Barry is President & CEO of Deluxe, a Trusted Payments & Business Technology™company that helps businesses pay, get paid, & grow. NYSE:DLX
The military and intelligence communities have a concept called “red teaming,” which involves running war game scenarios. As an example, the U.S. military created red teams made up of specialists and experts in enemy tactics. The red team’s mission is to think, dress and act like the opposition military, while also using their equipment, to defeat the American forces.
This concept has found its way into business lexicon. When “red teaming” your plans, you look for vulnerabilities. You ask: What are we assuming? What could go wrong? Where are we most at risk? In business, as in military tactics, there is a positive aspect to recognizing the negatives—the vulnerabilities—so you can plan around them.
Take small-business planning. Perhaps a relative loaned the business money with a certain understanding of how and when it will be repaid. Or, perhaps an employee has engrained themselves into your own special way of doing business and then leaves for a competitor. Does one person in your business have all the bank and computer login codes that could cause your business to shut down if they were unavailable?
These may all be painful scenarios to contemplate. They may be an insult to the goodwill you’ve worked so hard to develop. But, if you’re running a business, you don’t have the luxury of only doing the planning that makes you feel warm and cozy. As a business owner, you must do the planning that sends a chill up your spine. It’s the best way to anticipate and avoid much more worrisome outcomes.
Your Physical Locations
During the seven years that Deluxe filmed our online reality TV show Small Business Revolution, we saw that businesses ran the gamut in terms of their physical circumstances. Some have cavernous spaces that can be assets or liabilities. If the business is paying for a lot of space that is not generating sales, that’s a problem. Then again, a lot of space allows for future expansion. The sweet spot is to have enough space to grow but not so much that it inhibits profitability.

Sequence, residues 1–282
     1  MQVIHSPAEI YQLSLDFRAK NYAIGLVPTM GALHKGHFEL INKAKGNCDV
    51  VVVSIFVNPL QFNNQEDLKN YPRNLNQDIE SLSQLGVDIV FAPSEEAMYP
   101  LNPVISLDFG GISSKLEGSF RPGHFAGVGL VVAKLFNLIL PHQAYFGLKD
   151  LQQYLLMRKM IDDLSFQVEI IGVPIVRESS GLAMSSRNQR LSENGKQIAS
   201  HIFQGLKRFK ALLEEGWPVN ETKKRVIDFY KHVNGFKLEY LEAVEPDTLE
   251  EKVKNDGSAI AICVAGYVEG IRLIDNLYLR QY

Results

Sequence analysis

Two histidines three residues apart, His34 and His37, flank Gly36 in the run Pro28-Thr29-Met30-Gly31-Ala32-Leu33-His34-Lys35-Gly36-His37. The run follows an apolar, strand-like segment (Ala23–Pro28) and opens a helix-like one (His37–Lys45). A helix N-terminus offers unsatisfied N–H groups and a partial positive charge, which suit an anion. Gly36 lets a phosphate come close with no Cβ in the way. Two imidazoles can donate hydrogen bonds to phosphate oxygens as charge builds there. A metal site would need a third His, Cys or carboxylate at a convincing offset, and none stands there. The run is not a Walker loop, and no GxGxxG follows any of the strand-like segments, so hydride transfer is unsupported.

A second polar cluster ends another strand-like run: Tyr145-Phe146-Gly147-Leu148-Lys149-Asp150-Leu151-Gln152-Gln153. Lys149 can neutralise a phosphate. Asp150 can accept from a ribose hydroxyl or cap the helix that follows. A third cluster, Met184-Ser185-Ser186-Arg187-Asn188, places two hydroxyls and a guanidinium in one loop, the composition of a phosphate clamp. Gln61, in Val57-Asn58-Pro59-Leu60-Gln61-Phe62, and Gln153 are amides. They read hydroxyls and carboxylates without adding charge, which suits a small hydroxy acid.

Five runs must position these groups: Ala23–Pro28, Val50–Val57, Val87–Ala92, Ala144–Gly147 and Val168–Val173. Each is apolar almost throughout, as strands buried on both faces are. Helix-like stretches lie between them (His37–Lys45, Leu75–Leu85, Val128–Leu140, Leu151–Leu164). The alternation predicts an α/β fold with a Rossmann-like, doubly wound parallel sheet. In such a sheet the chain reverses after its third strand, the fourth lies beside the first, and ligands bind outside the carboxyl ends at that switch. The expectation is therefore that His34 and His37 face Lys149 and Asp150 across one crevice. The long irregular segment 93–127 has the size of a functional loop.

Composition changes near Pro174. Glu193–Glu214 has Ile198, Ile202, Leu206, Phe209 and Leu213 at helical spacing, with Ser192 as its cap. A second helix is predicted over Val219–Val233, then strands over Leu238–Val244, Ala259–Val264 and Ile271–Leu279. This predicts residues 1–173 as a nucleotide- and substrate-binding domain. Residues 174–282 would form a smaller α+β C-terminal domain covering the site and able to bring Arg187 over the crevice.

In my book, Small Business Revolution: How Owners and Entrepreneurs Can Succeed, I discuss how a simple spreadsheet can save lots of time in doing what-if analysis of different scenarios. Maybe this is my inner nerd talking, but I’m here to say that getting the hang of doing simple spreadsheet analysis will allow you to sleep better at night. The spreadsheet can handle all kinds of questions to guide your growth and plan against the downside. You can ask things like:
• What is the most we can pay for the additional space if we don’t hire additional staff?
• If we buy the building instead of renting it, how many years will it be until we pay it off, using our average historical revenue and expense numbers?
• What are different mixes of products and services that could happen in order to pay for that space?
• Could we take advantage of it with current staff?
Another benefit of doing spreadsheet analysis is you can leverage it as a tool when you want to get financing for your future plans. You can only help your case when pitching to a bank or partner if you have spreadsheets that show what will happen under best-case, worst-case and average scenarios.
You may not need a spreadsheet to identify some significant business risks, but you do need to write them down. Always write down your risks or concerns. This will make you look at them more closely. Although it seems easy to psychologically look away when it is in your head, if it’s on paper, you can walk away and come back to it with clearer eyes. Writing down issues is a great discipline.
Some people may not like this sort of planning, thinking it is too negative. Don’t think of it in negative or positive terms. What is important is being realistic about your business, to challenge yourself when it comes to what the risks are in front of you. Challenging your assumptions improves the odds of your success. There is an old saying, “If you fail to plan, you plan to fail.”
Similarly, understanding the competition is another hurdle for business owners. I’ve heard many say things like: “Look, I’m focused on making my business as good as it can be. That means I’m not preoccupied with what my competitors are doing. Instead, I want them sweating about what I’m doing!”
It’s true, looking at what your competitors say and do is not a comfortable activity. Sometimes they look better than you. But ignoring your competitors is dangerous. Dismissing your competitors is defeating. If someone has a successful business, there is a reason it’s successful. You should know why.
If you’re going to grow your business, you need to be able to walk and chew gum at the same time. That means focusing on your own products and services, plus on your customers, plus on your competition. Additionally, competitors can often help each other, whether by cross-selling or providing financial support. If you’re doing a good job and helping customers, then you’ll see the fruits of your labors.
The areas we’ve just covered may be difficult to address but deserve attention. They could be the weak links in the chain that is your business and the stumbling blocks to your overall success.